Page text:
The Hanging Drop Slide and Bacterial Motility

The Hanging Drop Slide Technique to Study Bacterial Motility
In this exercise you will learn to make hanging drop slides and then use this technique to
observe the motility of living bacteria. Motility is an important characteristic used to
identify microorganisms. Three bacteria will be used which vary in size, shape and
arrangement of flagella, and types of motion. Specifically you will observe Pseudomonas
aeruginosa, a monotrichous bacterium that exhibits high motility using a polar flagellum,
Bacillus cereus that moves by peritrichous flagella and Spirillium volutans, a helical cell
that moves using large bipolar tufts of flagella (possible mixture of amphitrichous and
lophotrichous organisms) (Refer to Figure 1).
Flagellae are, in effect, rotary motors comprised of a number of protein rings embedded
in the cell wall. In action the filament rotates at speeds from 200 to more than 1,000
revolutions per second, driving the rotation of the flagellum. The direction of rotation
determines the movement of the cell. Counterclockwise rotation of polar flagella thrusts
the cell forward with the flagellum trailing behind. Periodically, the direction of rotation
is briefly reversed, causing what is known as a "tumble" resulting in reorientation of the
Figure 1. Images of various flagella
In this lab you will:
I. Prepare three hanging drop slides and use aseptic technique to apply the three
bacterial suspensions to slides.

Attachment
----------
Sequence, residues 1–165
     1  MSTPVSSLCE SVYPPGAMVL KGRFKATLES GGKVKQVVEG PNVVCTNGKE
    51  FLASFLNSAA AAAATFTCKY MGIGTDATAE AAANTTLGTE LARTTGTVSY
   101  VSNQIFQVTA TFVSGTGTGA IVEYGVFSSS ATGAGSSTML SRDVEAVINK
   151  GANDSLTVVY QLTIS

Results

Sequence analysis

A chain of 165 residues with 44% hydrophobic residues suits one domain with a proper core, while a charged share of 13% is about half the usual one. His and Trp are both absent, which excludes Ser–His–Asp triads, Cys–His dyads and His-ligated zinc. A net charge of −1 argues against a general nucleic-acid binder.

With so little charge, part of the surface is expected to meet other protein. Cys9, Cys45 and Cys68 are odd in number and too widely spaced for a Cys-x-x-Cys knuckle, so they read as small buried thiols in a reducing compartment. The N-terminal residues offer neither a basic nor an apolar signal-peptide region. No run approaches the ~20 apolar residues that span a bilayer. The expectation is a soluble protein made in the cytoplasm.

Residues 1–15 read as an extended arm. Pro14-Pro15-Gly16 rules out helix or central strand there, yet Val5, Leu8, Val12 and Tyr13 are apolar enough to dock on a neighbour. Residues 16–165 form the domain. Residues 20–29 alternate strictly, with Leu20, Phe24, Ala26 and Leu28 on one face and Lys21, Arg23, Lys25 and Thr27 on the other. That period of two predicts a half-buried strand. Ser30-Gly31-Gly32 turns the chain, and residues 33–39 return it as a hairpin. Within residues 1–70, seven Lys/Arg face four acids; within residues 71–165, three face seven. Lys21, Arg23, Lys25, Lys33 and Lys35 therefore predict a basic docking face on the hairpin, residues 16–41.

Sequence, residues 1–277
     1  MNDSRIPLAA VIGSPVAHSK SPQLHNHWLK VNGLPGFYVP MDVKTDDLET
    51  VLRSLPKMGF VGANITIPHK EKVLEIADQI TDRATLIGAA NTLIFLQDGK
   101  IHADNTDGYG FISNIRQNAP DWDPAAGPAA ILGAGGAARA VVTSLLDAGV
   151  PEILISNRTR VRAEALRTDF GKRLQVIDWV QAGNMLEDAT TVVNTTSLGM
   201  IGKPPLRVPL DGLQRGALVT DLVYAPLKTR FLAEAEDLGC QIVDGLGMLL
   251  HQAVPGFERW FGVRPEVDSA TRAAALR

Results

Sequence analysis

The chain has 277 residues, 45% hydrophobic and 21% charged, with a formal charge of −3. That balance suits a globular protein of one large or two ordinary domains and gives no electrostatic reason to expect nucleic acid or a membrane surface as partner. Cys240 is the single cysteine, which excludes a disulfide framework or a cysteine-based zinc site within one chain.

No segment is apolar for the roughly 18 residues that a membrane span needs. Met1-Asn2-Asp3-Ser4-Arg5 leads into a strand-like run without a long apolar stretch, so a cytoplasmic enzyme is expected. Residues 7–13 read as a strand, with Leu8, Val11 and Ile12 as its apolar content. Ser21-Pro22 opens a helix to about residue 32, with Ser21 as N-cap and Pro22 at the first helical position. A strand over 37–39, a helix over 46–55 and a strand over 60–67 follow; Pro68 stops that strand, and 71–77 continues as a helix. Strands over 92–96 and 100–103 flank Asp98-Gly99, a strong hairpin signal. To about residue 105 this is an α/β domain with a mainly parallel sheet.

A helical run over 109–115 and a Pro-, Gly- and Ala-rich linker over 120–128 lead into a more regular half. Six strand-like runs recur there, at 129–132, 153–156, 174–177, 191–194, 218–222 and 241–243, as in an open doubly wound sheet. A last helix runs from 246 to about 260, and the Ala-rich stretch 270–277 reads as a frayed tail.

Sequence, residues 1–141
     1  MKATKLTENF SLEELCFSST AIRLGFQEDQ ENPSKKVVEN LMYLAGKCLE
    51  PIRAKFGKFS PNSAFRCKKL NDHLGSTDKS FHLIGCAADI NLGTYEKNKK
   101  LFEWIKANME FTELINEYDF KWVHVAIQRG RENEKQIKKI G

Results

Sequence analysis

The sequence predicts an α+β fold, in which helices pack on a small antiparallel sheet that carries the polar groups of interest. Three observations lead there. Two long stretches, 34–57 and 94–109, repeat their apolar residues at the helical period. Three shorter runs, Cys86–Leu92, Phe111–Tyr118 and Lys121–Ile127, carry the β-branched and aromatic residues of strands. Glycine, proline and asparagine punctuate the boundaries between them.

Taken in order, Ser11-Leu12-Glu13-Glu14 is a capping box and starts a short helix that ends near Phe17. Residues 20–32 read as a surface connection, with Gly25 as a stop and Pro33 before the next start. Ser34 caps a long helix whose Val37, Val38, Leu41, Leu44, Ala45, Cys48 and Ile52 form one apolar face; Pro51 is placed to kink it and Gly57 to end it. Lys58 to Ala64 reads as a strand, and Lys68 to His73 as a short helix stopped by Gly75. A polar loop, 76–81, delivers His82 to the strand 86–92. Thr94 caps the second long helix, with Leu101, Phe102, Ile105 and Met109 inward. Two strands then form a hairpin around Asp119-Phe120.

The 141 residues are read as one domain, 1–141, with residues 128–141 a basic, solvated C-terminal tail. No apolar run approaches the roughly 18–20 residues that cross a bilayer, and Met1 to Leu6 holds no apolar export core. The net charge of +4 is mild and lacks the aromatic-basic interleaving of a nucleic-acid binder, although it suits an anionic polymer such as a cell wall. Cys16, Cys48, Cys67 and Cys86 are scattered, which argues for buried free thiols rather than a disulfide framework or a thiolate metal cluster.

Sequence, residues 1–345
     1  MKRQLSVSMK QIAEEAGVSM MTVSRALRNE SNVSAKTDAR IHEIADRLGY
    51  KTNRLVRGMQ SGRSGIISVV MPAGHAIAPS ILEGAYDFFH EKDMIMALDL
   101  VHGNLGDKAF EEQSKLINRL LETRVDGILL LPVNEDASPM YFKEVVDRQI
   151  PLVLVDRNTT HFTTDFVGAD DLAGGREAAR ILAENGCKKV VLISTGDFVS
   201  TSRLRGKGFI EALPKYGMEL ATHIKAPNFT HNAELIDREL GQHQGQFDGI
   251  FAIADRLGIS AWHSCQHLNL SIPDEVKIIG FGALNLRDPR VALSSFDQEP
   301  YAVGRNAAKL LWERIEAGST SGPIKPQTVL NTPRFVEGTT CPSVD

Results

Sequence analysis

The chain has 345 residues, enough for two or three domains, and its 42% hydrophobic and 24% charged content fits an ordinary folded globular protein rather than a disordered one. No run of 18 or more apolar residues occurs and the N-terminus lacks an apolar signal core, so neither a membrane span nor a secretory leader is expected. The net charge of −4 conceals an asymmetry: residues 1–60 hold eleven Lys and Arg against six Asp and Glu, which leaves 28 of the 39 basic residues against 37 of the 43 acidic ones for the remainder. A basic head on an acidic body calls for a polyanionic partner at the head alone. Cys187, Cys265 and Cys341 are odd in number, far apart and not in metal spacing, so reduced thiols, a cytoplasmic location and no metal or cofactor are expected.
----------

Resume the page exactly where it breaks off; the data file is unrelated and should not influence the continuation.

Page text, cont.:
II. Observe and draw the microbes in your Lab Notebook.
III. Prepare a simple stain of each microbe.
24-48 hour tryptic soy broth cultures of Pseudomonas aeruginonas, Bacillus cereus,
Spirillulm volutans
Microscope slides
Plumber’s tape
Bunson burner
Lens paper, Kleenex and lens cleaner
Immersion Oil
Methylene blue dye
Sterile transfer pipette s
Inoculating loop
I. Prepare three hanging drop slides
a. Place four very small balls of plumber’s tape on a clean microscope slide, creating
a box shape using the balls as the four corners (Refer to Figure 2).
b. After thoroughly mixing one of the cultures, use aseptic technique to place a small
drop of bacterial suspension, using a sterile transfer pipette, onto the center of a
c. Lower the slide onto the coverslip such that the balls of plumber’s tape match up
to the four corners of the coverslip. Press gently using a piece of lens paper.
d. Turn the handing drop slide over quickly, keeping the drop suspended from the
e. Repeat procedure for the remaining two cultures.
Step c.
Step a.
Edge of slide
Culture drop
Step b.
Culture Drop
Step d. Prepared Hanging Drop Slide
Figure 2. Diagram representing the Steps of the Hanging Drop Method.
II. Observe and draw the microbes in your Lab Notebook
a. Place the slide on the microscope stage, coverslip up, so the drop is over the light
b. Examine the drop by first locating its edge under low power and focusing on the
drop. Switch to the higher, dry objectives and observe the culture.
c. Using immersion oil, switch to the 100X objective. In order to see the bacteria
clearly, close the diaphragm as much as possible for increased contrast.
d. Note and draw in your Lab Notebook the bacterial shape, size, arrangement and
III. Prepare a simple stain of each microbe
a. Once you have finished observing the live bacteria, prepare a Simple Stain for
each and re-examine the organisms. Record your observations in your Lab
b. When preparing the Discussion section in your Lab Notebook, discuss the
differences you observed between the wet mount and the stained slides.